20 February 2011
Fifteen Egyptian human rights organisation issued a joint statement criticising the appointment of Tareq al-Bishri, a known moderate Islamist, to head of the committee assigned with amending the Egyptian Constitution. The eight-person committee was appointed by the Supreme Council of the Armed Forces (SCAF) to amend the constitutional articles concerned with parliamentary and presidential elections, and with political rights and freedom, “as it sees fit”.
“The decision of the SCAF to appoint Bishri to lead the committee came as a shock to many of 25 January masses who demonstrated demanding the civil, modern State which Egypt deserves, ” the statement read.
“The shock was not due to any doubts over the efficiency or uprightness of Bishri; his professional history and intellectual works have earned him wide appreciation regardless of whether or not one agrees with him. Bishri, however, is known to be among the leading proponents of political Islam, the numerous books he wrote and lectures he gave expound on the ideology of exploiting religion politically. Such an ideology stands in flagrant contradiction to the concept of the civil State demanded by the demonstrators and cited in the various statements of the SCAF.”
The statement declared that selection of Bishiri as head of the committee instead of a member who represents the political current he belongs to, weakens the credibility of the committee and casts doubts over the objectivity and impartiality of the decisions it takes. This, the statement said, would serve to augment conflicts on the Egyptian street, and reproduce tensions that disappeared with the 25 January revolution.
The statement criticised the fact that the committee is formed of members who endorse the political Islamic stream and others who were part of the previous regime, while experts in constitutional law who are independent of any political affiliation were excluded.
Although the statement said that the reasoning adopted by the SCAF in forming the committee is not known and should have been declared transparently; it called upon the committee to undertake its task according to international constitutional principles and human rights agreements which constitute the basis of constitutions in the free, democratic world. It asked the committee members to put aside all ideological, political, religious, and economic considerations or whims in order to come up with amendments that lead to a fair constitution based on citizenship principles, and equality and justice for all Egyptians. Thus, the statement said, the constitution could become a base for social peace and national unity, not for struggle, tension and conflict.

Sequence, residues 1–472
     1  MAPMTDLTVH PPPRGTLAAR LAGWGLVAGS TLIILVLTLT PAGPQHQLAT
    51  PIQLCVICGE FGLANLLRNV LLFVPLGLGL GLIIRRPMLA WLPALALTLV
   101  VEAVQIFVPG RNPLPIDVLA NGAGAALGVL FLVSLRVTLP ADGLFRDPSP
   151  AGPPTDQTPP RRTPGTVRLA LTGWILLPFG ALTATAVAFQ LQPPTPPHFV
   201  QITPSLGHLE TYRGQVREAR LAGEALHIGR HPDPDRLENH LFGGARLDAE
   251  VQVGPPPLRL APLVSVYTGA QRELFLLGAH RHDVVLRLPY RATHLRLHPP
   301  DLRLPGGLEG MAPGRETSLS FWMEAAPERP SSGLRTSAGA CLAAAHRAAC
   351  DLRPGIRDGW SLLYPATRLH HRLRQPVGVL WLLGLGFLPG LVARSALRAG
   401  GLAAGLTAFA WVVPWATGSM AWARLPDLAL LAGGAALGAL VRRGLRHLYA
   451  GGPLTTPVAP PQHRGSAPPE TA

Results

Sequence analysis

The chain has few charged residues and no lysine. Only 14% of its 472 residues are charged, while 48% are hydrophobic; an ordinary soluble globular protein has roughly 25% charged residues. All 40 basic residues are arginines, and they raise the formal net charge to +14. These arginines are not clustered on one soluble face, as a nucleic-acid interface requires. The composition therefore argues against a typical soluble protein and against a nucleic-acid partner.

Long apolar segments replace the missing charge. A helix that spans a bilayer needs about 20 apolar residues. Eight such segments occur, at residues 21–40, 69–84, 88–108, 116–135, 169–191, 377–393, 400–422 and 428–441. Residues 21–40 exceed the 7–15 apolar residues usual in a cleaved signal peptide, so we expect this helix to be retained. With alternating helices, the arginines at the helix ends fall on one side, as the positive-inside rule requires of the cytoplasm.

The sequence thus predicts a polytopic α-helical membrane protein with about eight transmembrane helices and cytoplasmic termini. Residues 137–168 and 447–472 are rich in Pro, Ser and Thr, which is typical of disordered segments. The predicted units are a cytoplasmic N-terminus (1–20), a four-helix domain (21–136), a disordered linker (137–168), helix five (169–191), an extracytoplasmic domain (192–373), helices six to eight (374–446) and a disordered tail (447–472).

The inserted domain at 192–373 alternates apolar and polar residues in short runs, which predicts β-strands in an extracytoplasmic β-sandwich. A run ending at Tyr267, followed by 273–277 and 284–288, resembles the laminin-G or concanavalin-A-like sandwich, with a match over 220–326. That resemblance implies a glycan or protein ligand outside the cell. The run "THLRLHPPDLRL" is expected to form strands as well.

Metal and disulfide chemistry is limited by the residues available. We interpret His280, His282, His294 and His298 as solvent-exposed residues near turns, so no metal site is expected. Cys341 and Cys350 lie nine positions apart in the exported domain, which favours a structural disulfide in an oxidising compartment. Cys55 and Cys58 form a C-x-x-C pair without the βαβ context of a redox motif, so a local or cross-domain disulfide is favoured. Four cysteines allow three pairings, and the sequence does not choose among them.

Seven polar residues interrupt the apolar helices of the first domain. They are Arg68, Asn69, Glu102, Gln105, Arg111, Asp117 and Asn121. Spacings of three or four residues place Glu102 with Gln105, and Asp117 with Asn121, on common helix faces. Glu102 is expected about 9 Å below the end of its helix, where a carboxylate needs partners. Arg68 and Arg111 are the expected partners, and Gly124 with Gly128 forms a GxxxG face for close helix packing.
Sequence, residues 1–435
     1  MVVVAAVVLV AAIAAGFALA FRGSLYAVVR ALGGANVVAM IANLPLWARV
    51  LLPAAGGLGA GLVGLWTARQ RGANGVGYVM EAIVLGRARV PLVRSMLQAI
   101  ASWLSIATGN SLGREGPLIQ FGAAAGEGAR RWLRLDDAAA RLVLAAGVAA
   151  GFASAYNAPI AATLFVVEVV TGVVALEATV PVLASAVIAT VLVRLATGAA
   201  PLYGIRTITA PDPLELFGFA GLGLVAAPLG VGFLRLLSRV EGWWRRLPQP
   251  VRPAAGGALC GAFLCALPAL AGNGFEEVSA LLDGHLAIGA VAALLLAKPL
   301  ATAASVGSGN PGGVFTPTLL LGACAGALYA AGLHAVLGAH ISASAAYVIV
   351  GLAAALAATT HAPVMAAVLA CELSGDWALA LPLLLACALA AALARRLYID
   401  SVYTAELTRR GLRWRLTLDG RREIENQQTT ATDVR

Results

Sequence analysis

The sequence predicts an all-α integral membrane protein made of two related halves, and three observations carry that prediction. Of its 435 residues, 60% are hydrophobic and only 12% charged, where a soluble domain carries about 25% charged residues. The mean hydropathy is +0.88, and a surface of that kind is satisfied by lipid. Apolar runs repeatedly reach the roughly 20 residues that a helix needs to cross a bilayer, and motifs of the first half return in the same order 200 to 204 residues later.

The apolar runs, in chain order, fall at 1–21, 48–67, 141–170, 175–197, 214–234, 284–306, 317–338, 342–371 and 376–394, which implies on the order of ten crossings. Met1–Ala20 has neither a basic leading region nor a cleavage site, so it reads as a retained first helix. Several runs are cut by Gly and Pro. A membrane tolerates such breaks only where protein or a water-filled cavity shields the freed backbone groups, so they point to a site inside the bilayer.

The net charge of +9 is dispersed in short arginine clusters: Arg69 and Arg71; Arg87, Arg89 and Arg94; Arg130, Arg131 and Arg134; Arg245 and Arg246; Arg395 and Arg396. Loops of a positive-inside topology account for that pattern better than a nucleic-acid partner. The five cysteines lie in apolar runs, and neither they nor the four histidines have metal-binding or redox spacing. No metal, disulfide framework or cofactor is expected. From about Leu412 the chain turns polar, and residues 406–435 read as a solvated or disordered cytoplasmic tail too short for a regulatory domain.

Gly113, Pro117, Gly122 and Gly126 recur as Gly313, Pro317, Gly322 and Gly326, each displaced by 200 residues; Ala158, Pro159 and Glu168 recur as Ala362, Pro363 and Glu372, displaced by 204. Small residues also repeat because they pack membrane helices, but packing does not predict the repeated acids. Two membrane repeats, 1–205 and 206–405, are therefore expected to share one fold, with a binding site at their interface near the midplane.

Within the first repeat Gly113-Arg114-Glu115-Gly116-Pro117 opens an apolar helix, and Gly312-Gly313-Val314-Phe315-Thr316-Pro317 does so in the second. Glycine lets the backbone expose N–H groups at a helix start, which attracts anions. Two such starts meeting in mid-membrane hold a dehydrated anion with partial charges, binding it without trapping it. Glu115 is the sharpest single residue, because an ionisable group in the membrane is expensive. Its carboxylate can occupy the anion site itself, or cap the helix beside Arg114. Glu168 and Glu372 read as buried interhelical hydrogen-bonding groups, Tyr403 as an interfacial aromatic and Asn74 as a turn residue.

The signatories asked the SCAF not to single-handedly take decisions to form committees or appoint a new government, but that such decisions should be based on wide communal dialogue and that, preferably, a temporary presidential council should issue such decisions.
The statement demanded of the people who demonstrated and the families whose sons and daughters shed their blood for the sake of change to remain vigilant and to defend the principles of the revolution; accepting no less than a modern, civil, open constitution free of any tyrannical, racial, or ideological undertones that may re-inflame the conflicts settled by the revolution.
Signing the statement were:
The Arab Programme of Human Rights Activists
The Egyptian Organisation of Civil Education and Human Rights
The Egyptian Organisation for Enlightenment
The Egyptian Organisation for Enhancing Societal Participation
Copts for Egypt Movement
The Cairo Centre for Human Rights Studies
The Word Centre for Human Rights
The Egyptian Centre for Human Rights
The Egyptian Centre for Supporting Citizenship and Woman Rights
The Egyptian Centre for Development and Human Rights
The Million Centre for Human Rights
The Scream Centre for the Rights of the Disabled and Child Rights
Egyptians Against Religious Discrimination
The Middle East forum for Freedoms
The Copts of United Kingdom organisation